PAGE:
but I also appreciate that all New Zealanders need places they can go to see such iconic landscapes who may not be able to get there any other way. I guess it’s a question of balance and ensuring all types of desired experiences are maintained over various locations, something I know DOC try very hard to achieve.
Mt Fyffe hut is an 8 bed hut an hour below the summit of Mt Fyffe. It is a fairly basic
hut but is comfortable and has a fire. To our surprise Bear Gryll’s aspirations had to be postponed as there were 3 beds left, and Anne and I opted to share the 2 man tent……which by the way had no separate fly (ref Day 1 Para 1)!! Unfortunately for four guys who arrived just 5 minutes after us, they had to go back down as there were no beds! Moral is bring a tent to this popular hut n a weekend, unless…..OK you got it…..enough of Bear!
Apparently there are magnificent sun rises from Mt Fyffe hut….. Missed it! So after a strong coffee and instant porridge we were on the hour ascent to the summit.
It is an obvious wide track to start, steep in places and the summit arrives quicker than you think. The views over the sea are fantastic as are the inland mountain views, but these only get better the more inland you go, maybe because you get a better sense of isolation.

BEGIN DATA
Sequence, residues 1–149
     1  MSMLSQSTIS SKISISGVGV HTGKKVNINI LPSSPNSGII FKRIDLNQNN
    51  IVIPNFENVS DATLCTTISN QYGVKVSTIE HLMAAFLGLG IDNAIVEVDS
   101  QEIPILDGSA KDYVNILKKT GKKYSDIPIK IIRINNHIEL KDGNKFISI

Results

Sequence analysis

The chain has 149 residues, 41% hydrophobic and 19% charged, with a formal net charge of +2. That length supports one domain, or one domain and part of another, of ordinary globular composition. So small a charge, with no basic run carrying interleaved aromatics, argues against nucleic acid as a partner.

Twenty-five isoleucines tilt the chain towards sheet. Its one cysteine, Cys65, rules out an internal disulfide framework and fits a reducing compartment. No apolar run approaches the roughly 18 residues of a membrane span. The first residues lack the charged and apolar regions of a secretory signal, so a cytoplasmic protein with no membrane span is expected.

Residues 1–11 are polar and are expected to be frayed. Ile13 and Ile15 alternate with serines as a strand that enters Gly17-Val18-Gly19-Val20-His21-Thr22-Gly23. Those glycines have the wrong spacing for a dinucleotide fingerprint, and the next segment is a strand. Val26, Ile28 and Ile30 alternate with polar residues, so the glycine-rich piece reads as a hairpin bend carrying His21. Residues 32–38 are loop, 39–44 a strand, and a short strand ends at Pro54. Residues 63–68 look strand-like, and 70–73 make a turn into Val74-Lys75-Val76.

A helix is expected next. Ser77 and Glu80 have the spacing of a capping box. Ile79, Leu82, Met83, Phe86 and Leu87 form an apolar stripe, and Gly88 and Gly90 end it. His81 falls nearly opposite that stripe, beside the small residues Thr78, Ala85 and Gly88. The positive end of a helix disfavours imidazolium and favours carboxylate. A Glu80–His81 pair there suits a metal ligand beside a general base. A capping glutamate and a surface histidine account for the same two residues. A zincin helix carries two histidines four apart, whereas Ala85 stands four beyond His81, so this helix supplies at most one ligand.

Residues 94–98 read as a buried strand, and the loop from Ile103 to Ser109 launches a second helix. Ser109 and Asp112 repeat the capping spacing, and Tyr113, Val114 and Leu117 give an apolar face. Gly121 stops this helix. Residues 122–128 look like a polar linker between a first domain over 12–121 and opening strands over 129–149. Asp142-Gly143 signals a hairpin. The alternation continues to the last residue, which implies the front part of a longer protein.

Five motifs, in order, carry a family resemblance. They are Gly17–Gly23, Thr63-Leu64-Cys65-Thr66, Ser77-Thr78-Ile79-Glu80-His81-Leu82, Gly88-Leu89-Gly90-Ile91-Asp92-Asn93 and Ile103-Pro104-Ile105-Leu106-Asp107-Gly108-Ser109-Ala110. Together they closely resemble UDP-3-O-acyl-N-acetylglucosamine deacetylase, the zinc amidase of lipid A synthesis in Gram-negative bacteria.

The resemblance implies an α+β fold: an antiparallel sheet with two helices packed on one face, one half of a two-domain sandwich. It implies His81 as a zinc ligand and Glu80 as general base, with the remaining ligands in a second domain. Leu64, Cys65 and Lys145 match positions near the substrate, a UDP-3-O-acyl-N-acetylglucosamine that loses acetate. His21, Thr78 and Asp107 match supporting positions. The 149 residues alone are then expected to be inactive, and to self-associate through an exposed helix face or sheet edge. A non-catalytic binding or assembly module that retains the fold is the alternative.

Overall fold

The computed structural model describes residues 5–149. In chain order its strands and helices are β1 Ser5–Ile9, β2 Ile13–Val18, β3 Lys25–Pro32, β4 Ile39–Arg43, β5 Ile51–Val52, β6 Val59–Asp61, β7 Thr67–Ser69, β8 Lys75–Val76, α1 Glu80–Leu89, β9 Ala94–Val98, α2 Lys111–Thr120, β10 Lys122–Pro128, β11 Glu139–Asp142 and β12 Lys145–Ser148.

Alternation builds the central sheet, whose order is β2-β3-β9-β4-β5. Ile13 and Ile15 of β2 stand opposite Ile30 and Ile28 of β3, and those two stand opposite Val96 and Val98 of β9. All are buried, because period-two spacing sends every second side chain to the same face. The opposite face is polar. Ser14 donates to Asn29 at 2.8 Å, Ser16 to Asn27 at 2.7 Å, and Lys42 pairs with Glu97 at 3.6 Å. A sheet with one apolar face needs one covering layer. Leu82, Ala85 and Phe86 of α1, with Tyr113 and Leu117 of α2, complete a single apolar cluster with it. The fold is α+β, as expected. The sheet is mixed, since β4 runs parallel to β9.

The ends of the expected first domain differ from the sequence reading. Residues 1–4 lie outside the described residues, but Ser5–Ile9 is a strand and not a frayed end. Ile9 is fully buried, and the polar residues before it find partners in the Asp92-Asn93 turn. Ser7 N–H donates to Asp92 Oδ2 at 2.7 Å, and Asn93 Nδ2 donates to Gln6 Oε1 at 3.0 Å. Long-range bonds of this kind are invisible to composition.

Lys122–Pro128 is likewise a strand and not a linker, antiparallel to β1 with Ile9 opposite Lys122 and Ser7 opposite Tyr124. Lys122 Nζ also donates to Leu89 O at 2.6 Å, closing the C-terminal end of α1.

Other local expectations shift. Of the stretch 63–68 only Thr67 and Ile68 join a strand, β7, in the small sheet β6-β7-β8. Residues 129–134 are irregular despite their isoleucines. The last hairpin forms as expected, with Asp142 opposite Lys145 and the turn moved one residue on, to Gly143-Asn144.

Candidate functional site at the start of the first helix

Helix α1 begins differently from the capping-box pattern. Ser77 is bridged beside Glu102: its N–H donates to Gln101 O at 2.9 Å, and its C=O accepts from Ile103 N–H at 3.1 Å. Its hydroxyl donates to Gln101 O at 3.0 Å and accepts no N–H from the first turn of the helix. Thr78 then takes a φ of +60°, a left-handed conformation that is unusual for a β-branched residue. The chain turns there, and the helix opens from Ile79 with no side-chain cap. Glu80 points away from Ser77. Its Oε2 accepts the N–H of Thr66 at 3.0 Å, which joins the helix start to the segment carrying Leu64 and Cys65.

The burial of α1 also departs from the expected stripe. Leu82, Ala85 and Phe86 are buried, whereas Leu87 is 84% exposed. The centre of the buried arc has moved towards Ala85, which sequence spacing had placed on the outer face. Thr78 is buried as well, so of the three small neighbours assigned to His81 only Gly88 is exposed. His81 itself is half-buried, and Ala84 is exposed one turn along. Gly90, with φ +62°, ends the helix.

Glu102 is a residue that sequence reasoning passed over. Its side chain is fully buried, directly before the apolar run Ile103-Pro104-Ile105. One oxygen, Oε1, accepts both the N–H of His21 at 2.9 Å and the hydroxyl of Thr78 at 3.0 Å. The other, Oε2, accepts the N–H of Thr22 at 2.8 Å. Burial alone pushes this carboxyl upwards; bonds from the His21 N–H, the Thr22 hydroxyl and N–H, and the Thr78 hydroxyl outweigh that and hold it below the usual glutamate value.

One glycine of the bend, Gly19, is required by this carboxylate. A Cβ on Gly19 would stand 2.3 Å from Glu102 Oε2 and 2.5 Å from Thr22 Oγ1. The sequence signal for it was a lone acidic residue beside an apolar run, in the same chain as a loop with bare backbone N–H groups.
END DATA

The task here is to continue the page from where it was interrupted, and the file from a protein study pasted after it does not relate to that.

By far the best section of the entire walk was the route from the summit to the saddle, which took almost 2 hours. Increasingly devoid of vegetation it takes on that ’lunar feel’ you get on exposed ridges. Sidling the ridge on the scree early on was easy walking with little loose rock to worry about. Then the real fun begins. The route takes you down a steep scree slope which for the majority can be tackled at reasonable speed with good judgement and foot placement. Be prepared to brush yourself off and laugh at yourself as you end up on your derriere more than once……
The route then climbs steeply for a short time before again descending down more fun loose scree which eventually becomes more interspersed with grasses as you approach the saddle.
Despite the sun the wind was bitter and picked up as we reached the saddle, according to Michelle this is called the Saddle Effect but my thoughts here had turned to horses! Neigh!
A delicious but brief lunch at the source of the Kowhai was followed by some serious route finding down the Kowhai…..yes us girls actually had to tone down the banter and really concentrate! Not that easy I have to admit but we did a pretty good job. I sometimes felt like an aboriginal tracker, looking for broken branches and trampled grass which disappeared into bush or up over boulders but it was immensely fun, and the varied terrain gave us a full body workout, a bit like cross fit, but in tramping boots and gaiters!